Proactively Protect Yourself From Medical Errors
Tuesday, March 23rd, 2021
Preventable medical errors can cost you your health and possibly even your life. Each year people across the country die or are severely injured due to preventable medical errors. While we look to medical providers to diagnose and treat us, preventable medical errors can and do happen in healthcare settings. A new study detailed in an article by Yale University reported that most hospital medical errors involve poor monitoring or management of medical conditions. Diagnostic errors and errors related to surgery and procedures are also prevalent. While any medical error can be dangerous, there are some that are more common and can be more harmful.
Delayed Diagnosis or Misdiagnosis
A timely, accurate diagnosis is critical to your getting proper medical care. A fairly common medical error, delayed, or the wrong diagnosis can result in severe harm to a patient. Misdiagnosis may occur because a healthcare provider failed to ask the right questions or order adequate testing for a patient. A busy physician might order tests, but then fail to review thoroughly. Even if an accurate diagnosis is eventually made, a delay in diagnosis on the part of a healthcare provider can lead to the loss of valuable time in treating a serious illness.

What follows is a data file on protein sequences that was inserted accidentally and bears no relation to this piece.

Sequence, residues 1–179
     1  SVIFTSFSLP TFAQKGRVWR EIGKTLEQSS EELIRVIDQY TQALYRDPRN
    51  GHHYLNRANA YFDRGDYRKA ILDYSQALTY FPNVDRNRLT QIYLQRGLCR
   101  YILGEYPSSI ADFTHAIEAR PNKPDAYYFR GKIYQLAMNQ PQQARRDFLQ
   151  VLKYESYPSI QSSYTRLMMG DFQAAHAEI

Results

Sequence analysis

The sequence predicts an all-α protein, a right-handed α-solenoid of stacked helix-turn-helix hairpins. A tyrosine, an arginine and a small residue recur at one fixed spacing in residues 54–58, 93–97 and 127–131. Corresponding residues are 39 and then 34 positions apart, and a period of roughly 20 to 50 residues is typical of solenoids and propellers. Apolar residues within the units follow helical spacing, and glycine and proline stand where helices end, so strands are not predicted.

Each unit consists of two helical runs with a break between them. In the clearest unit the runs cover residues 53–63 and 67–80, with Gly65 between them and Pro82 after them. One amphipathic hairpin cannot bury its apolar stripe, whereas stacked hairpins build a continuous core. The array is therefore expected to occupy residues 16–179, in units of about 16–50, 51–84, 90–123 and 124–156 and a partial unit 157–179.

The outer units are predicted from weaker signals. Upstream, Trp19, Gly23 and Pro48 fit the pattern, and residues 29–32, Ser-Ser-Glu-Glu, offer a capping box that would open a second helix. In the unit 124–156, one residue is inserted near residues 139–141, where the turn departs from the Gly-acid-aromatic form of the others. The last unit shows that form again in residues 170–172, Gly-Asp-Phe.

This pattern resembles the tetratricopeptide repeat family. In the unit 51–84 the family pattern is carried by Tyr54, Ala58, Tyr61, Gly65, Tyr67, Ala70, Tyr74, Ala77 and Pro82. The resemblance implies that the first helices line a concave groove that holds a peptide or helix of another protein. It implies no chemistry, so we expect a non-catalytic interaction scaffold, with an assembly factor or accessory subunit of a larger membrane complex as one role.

Protect yourself from delayed diagnosis or misdiagnosis
- Take an active role in your care. Advocate for yourself, and ask questions. Being involved as a patient can be very important in preventing diagnosis errors. Follow up on test results and speak up if you have doubts.
- Provide a full medical history. If you feel your medical provider is not asking enough about your history, speak up and provide as much information as you can.
- Don’t be afraid to ask for a second opinion. Quality healthcare professionals support that decision.
- Bring a family member to appointments or to the hospital to ask questions and help get information from your doctor.
- Educate yourself and research your symptoms.
According to the FDA, a medication error is defined as any preventable event that may cause or lead to inappropriate medication use or patient harm while the medication is in the control of the healthcare professional, patient, or consumer. Medical errors are one of the most common, preventable medical errors. Medication errors can occur when a patient gets the wrong medication or the wrong dosage. This error can occur on the part of a doctor writing a prescription or entering medication into a computer system, a nurse dispensing medication to a patient or a pharmacist error in filling a prescription. Medication errors are also caused by incorrect labeling on the part of a drug manufacturer.